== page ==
As I entered the restaurant's dimly lit main dining room, I felt something. Like leaf spinach in boiling water, my insides folded together and began to shrink. To steady my wobbly knees, I grabbed the scattered chairs as I followed the hostess to our booth. Something was very wrong.
Quickly, I slid onto a deep red, plush velvet seat. I gathered myself into the corner of the booth. I dared to look around. It was then that I saw the source of my anxiety. Hanging on the wall over my booth was a large grinning face. It had lips outlined in white and a long thin nose. Sitting proudly on its red curly hair was the multi-colored, multi-pointed hat, so indicative of the court jester. The eyes were bordered with large black diamonds and looking right at me. I looked away only to see that every booth and wall space held a grimacing portrait of a 14th-century clown. Oh, busboy.
I wanted to enjoy my time at this Tudor village but I could not. I know I love to eat out but, thanks to Steven King's "It," clowns make me uneasy. I did not enjoy that dinner.
Walls can create the wrong mood. Avoid items that could be considered "turn-offs" or are controversial. I'm sure the designers of this dining room never thought the elegant painting of the jesters would be a problem.
I can hear the restaurants now. "Walls? Anita, really? We have to worry about customer service, making a profit, preparing great food ... now we have to worry about our walls?" Well, yes, you do.
I love this quote by Peter De Vries , the novelist, "The murals in restaurants are on par with the food in museums." With a little thought, this does not have to be true.
The walls can sell your food menu. They can actually show or create a mood for your food.
I love the walls of Bruegger Bagel restaurants. They are bright with big bagels. I look at those walls and I want what Bruegger's offers - a bagel. The walls of the Gloversville McDonald's have pictures of actual local kids in sport activities. The walls say, "This is your McDonald's" and "We like you." Customers come to see their friends, themselves and their relatives.
Walls can bring customers to your restaurant and increase business. A beautiful hotel in the Catskills has a large oil painting of Rip Van Winkle - an icon of the area. I have told many friends to stop just to see the painting. They stop, then stay and eat.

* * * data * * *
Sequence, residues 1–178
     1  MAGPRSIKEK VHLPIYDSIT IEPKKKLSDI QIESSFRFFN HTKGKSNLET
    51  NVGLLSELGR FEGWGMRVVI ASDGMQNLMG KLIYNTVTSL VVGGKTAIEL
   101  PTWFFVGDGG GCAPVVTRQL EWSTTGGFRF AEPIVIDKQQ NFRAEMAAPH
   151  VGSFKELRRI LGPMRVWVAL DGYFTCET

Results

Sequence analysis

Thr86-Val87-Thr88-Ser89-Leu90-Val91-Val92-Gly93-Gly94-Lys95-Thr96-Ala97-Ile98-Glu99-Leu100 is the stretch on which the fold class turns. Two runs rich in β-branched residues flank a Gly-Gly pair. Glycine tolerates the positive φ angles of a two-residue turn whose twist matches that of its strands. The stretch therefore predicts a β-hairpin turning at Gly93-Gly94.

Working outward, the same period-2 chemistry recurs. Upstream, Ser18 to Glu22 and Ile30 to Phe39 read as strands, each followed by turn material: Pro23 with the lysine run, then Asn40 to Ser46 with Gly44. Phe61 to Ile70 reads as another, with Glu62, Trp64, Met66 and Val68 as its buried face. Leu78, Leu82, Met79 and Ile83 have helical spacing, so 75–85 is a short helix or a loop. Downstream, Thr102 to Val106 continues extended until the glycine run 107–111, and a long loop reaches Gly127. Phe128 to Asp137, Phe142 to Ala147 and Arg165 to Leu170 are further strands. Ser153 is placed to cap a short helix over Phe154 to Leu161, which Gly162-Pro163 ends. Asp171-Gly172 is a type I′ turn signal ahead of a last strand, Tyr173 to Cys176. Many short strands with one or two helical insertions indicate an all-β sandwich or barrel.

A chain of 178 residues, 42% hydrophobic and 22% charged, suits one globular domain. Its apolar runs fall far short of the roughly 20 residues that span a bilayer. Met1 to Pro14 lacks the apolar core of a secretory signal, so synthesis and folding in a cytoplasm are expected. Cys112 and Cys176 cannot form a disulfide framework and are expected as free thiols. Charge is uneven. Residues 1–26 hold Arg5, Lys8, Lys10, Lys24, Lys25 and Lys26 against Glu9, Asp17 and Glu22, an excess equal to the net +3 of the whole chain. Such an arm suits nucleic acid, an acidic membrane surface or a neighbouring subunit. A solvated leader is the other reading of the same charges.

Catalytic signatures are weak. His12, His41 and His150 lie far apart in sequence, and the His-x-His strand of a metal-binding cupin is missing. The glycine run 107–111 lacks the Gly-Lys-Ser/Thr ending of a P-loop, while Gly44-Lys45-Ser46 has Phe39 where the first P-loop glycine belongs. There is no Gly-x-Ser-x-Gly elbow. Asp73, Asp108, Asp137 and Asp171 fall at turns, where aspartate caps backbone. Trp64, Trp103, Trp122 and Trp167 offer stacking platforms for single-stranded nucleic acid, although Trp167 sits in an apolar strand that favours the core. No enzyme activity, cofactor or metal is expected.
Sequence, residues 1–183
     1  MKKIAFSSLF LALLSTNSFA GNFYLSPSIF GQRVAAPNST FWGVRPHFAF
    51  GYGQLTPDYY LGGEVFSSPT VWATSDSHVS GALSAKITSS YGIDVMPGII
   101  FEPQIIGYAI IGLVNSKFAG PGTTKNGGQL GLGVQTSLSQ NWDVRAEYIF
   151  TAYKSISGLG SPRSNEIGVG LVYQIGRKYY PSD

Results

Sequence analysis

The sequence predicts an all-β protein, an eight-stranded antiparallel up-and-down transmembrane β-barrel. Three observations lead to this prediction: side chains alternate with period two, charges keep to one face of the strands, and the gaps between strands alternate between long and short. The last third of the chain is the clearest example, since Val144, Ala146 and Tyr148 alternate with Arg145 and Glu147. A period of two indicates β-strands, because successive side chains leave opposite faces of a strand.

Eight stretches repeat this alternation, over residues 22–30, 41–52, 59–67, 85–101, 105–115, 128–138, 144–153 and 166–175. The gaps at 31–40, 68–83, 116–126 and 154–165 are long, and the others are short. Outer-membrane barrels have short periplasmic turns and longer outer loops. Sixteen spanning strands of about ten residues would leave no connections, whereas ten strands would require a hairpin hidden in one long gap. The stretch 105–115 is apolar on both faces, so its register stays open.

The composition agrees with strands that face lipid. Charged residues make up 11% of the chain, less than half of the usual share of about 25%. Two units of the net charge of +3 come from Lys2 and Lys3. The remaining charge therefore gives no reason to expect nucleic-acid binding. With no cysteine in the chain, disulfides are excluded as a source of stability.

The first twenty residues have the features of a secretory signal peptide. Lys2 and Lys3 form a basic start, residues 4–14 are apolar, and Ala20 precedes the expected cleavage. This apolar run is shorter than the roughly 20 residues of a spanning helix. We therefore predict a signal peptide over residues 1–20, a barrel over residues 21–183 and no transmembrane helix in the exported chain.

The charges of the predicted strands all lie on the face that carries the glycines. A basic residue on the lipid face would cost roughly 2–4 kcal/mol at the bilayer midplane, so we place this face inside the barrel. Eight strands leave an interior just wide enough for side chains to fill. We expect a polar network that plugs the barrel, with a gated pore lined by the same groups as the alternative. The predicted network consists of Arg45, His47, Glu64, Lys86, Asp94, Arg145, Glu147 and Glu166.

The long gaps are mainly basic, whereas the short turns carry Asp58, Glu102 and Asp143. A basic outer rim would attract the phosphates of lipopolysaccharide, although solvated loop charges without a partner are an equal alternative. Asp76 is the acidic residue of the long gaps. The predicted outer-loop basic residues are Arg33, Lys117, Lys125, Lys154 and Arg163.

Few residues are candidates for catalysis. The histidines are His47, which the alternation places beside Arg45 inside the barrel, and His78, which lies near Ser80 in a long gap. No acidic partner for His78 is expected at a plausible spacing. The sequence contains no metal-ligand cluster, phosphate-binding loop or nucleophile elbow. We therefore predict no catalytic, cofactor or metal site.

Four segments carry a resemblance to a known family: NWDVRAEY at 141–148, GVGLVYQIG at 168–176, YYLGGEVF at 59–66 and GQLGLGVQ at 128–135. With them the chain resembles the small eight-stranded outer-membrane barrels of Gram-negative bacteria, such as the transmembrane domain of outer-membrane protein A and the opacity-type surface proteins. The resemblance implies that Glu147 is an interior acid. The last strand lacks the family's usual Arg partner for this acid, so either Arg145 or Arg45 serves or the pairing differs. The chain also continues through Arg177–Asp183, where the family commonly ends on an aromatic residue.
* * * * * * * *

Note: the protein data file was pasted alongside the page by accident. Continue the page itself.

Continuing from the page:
Taking my college students to the Olde Bryan Inn in Saratoga, I always warned them not to look at the picture in the bar. Of course, the first thing everyone did was go to that room to view the life size oil painting of the lovely lady lounging in her birthday suit.
Walls can increase the customers' experience. They can entertain.
Applebee's has pictures of local artifacts. The walls are interesting. Customers tell others what they read on the walls and more customers come to see what is on the walls. If customers have to wait, the wait feels shorter, almost enjoyable, because of the bevy of neighborhood news bits to read.
Visiting a local caf this morning, walls were on my mind. I looked around and saw nothing on the walls but a picture of a flower about 8 inches by 11 inches hanging loosely from high over my table. What a waste of great merchandising space.
The walls of a dining establishment are very important. Restaurants should use them. Just think about it. Different than a store, in a restaurant the customer sits and looks at the same wall for up to three hours.
Of course, walls create a mood.
I was a child in the '50s. I love a rock and roll theme. Pictures of Frankie Avalon, the Mouskeeters and Howdie Doodie are as much a part of the experience as the food. People flock to restaurants like Hard Rock Caf to check out the memorabilia on the walls and maybe eat some food.
Walls can create interest and add to the customer's visit.
One of my favorite local restaurant has its walls covered with beautiful paintings by local artists and they are for sale. I remember one evening while enjoying a boring dinner with one of my husband's business associates, I counted the tulips in a large painting over and over.
Paintings do have a purpose. I bought the painting and now those tulips hang over my fireplace.
Restaurant watch: When visiting your favorite restaurant, check out how often you look at the walls.